Generalized Anxiety Disorder (GAD) – GAD is a disorder that causes numerous worries of various kinds, causes, and resulting behaviors. Anything from fear of getting fired to worries about your loved ones may turn into obsessive thoughts.
To sum up, the prevailing belief that obsessive thoughts are only present in OCD is not true. As we have stated, obsessive thoughts and possible resulting compulsions can be found in almost any type of anxiety disorder.
How to Stop Obsessive Thoughts
The relief from obsessive thoughts in the form of compulsive actions does not last and is not a solution. On the contrary, the obsessive thoughts usually come back stronger. The compulsive rituals and behaviors often cause more anxiety themselves as they become more demanding and time-consuming.
As you can see, you need to break the cycle. Targeting only the obsessive thoughts will not be as effective as targeting your anxiety as a whole. This will enable your therapist and you to properly address the way your disorder affects you. You will also be more likely to cope with future stresses successfully.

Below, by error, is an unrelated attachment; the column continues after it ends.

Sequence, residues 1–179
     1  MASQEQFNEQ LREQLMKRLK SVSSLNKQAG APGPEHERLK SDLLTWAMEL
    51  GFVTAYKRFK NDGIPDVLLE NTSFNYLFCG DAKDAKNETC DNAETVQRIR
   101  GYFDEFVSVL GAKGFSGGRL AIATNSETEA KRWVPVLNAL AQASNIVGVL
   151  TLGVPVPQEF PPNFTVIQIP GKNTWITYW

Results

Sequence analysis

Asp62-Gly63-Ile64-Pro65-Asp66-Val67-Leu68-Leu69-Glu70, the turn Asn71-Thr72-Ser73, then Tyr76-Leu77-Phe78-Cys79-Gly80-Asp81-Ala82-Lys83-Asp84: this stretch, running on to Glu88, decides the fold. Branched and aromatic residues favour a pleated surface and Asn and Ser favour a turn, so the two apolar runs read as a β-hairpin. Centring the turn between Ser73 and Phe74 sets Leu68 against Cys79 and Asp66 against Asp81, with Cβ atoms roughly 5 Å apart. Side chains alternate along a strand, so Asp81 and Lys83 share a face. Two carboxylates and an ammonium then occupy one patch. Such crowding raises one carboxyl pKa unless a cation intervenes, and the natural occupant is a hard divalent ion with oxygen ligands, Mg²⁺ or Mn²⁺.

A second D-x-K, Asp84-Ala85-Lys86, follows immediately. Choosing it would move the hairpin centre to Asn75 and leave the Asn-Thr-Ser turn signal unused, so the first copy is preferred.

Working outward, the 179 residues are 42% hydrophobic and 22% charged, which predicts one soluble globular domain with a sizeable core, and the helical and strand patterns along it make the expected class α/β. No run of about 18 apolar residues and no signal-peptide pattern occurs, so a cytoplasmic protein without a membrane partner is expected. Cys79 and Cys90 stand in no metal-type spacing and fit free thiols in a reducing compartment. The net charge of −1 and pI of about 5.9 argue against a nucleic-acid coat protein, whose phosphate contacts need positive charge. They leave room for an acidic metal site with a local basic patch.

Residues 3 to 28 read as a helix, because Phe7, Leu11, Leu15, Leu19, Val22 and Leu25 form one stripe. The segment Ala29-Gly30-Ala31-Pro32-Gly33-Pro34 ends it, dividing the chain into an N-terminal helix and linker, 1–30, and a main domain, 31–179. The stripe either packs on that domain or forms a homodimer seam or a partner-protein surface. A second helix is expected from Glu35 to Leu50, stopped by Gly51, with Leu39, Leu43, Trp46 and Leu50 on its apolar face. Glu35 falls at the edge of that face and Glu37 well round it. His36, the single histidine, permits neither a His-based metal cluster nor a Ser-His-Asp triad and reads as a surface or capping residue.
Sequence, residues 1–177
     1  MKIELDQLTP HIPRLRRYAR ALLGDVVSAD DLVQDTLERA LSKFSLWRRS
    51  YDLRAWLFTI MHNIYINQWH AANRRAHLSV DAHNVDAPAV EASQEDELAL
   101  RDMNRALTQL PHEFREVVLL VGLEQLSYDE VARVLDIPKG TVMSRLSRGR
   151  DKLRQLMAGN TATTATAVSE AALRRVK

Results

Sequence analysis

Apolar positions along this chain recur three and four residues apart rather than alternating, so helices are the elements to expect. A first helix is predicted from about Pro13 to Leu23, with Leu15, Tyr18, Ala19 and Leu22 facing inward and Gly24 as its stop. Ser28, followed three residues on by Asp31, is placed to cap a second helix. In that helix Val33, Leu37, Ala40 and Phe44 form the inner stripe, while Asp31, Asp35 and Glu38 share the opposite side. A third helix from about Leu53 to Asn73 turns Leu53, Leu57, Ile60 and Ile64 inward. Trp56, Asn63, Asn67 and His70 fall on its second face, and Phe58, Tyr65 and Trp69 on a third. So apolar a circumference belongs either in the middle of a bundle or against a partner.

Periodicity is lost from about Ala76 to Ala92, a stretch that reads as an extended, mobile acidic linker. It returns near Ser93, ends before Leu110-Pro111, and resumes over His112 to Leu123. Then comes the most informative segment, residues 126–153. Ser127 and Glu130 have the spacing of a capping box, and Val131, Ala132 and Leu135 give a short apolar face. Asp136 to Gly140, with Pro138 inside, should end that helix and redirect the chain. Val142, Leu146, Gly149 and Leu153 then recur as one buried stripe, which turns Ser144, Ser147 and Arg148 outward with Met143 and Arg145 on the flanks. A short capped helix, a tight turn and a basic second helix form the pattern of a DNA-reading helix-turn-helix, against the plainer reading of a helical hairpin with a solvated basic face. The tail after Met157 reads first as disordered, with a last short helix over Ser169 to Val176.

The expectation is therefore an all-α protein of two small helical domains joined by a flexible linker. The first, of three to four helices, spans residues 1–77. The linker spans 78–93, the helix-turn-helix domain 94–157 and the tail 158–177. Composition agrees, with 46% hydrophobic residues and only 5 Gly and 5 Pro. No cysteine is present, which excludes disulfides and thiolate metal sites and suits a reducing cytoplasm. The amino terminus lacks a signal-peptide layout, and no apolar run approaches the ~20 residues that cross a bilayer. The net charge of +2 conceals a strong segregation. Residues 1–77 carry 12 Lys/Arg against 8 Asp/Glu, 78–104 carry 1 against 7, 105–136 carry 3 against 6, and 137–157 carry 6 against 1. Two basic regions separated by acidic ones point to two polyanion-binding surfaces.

Accept your OCD
You need to learn to accept your thoughts for what they are: the symptoms of your anxiety. You need to stop trying to chase these thoughts away. The more you try, the more often your brain will remind you that you need to not think about your obsession and then you will think even more about how not to think about the intrusive thoughts.
The first thing you need to achieve is to accept the fact that your thoughts are not in your control. Learning to accept that your obsessive thoughts are a natural part of your disorder will result in the willingness to treat and cure your disorder and not to eliminate the symptoms. They will go away gradually during the treatment and the recovery process.
Write out your persistent thoughts
Sometimes you’ll have a thought that isn’t so much obsessive as it is persistent. In some cases, these thoughts can start bothering you enough to cause worrying whether they will eventually become obsessive thoughts.
Try writing those thoughts out in a dedicated diary. You’ll realize that your mind has a tendency to focus on persistent thoughts less often when it knows that they’re being kept in a permanent place.
Get Used to the Anxiety
This is one of the hardest parts for the people living with their obsessive thoughts. The idea that they should just live with the anxiety seems difficult to accept. Learning to be okay with your anxiety is actually a very effective treatment.